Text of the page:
The seventh studio album from former Brooklynites saw the band not only reach another musical milestone, well worth the deserved applause, but also sees their evolution continue to outweigh the scene they grew from.
Musically the band are pushing themselves to uncomfortable positions on Sleep Well Beast: “It was important that we genuinely explore new territory and risk falling on our faces, or not make a record at all,” explains Aaron. “This album feels complete to me.” Using more synths and avoiding their traditional hard sound such as (‘I’ll Still Destroy You’ and ‘Guilty Party’) adds a new dimension to the band. Thankfully, they evoke industrialisation and digitisation with the same post-modernist truth that makes The National national treasures.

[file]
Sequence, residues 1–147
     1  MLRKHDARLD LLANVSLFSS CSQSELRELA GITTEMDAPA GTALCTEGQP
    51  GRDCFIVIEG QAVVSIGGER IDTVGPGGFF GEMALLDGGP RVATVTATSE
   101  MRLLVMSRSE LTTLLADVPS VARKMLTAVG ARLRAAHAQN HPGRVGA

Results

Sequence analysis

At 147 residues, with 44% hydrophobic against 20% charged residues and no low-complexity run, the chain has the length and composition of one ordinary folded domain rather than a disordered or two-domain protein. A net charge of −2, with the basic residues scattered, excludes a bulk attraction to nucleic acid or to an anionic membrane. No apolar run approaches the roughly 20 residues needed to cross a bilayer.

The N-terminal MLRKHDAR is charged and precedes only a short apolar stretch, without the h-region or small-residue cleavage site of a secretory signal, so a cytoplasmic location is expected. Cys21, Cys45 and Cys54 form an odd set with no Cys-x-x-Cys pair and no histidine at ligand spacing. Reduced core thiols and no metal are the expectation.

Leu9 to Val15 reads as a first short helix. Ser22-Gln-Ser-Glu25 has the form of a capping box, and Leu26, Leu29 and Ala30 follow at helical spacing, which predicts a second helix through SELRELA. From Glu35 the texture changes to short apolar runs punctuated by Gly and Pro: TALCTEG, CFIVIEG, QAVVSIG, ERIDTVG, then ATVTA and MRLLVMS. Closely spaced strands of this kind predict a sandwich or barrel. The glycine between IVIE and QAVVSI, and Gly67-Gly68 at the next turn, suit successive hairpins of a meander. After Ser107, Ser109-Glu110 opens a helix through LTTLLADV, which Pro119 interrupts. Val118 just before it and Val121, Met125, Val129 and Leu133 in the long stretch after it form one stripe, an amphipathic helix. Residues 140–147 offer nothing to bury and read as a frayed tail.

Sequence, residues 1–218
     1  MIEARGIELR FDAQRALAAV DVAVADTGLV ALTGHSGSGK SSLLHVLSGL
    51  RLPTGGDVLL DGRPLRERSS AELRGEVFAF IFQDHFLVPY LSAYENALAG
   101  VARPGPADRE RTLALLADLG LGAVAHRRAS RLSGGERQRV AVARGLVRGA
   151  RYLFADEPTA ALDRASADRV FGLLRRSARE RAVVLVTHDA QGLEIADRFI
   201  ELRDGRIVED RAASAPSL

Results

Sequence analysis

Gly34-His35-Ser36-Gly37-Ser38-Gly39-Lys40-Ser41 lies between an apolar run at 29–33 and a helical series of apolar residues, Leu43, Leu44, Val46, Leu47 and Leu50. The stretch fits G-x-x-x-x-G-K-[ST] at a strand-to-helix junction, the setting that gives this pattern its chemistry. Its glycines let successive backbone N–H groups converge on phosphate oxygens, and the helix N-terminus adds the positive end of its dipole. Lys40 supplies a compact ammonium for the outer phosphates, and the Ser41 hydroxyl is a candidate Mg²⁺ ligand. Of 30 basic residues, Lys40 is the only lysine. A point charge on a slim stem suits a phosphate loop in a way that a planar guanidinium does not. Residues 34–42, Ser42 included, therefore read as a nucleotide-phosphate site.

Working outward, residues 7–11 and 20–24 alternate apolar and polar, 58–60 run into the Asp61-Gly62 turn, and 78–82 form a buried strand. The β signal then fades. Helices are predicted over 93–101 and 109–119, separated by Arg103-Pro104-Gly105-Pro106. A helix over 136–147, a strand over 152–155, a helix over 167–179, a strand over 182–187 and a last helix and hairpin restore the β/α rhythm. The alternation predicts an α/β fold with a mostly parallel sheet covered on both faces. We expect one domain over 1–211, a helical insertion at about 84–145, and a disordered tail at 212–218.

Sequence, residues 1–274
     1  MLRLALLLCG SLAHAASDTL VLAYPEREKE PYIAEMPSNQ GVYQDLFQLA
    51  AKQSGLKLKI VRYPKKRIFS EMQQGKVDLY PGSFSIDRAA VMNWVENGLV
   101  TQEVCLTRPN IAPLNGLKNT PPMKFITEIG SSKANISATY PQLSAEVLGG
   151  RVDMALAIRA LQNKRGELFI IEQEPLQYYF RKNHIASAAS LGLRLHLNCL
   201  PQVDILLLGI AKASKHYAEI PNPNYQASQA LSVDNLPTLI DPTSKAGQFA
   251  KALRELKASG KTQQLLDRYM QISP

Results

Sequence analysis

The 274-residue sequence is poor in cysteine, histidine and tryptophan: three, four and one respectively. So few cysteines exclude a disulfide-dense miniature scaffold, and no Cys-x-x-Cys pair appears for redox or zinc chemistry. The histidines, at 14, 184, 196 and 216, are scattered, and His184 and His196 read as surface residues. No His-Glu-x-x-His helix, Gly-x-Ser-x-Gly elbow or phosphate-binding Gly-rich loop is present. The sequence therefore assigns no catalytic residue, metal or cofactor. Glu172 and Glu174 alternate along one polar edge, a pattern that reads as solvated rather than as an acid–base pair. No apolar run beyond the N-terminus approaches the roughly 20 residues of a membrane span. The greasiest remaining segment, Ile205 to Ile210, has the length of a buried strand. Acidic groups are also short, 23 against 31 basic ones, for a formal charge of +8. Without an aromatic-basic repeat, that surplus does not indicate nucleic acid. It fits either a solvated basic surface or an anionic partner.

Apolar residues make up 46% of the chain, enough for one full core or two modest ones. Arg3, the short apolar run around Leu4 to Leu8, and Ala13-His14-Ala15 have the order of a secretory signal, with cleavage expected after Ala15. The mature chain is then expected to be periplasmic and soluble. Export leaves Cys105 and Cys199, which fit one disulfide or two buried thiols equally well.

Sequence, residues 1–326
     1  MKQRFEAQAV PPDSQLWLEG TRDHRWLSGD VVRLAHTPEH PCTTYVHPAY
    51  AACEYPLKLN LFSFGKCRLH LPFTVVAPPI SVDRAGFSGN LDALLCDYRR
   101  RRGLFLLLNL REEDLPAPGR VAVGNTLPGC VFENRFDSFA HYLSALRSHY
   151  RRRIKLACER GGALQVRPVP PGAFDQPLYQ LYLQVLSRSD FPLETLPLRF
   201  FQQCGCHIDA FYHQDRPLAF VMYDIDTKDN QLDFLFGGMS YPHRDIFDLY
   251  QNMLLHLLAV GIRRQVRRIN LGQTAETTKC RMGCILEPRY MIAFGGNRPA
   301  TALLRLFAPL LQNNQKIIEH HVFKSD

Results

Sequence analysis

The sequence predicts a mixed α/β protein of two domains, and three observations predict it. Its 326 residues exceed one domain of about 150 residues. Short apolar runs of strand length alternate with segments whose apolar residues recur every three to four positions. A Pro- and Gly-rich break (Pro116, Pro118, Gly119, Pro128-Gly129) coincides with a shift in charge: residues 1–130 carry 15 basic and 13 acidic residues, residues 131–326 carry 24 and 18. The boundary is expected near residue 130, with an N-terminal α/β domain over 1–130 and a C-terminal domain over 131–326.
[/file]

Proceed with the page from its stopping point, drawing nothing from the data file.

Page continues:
The band prove on Sleep Well Beast that not only can their creativity not be tempered by distance apart during down time and recording, but it is purely this creativity which drives them together and brings us along with them.
Even after their seventh studio album; forward is still the only turn The National know how to make.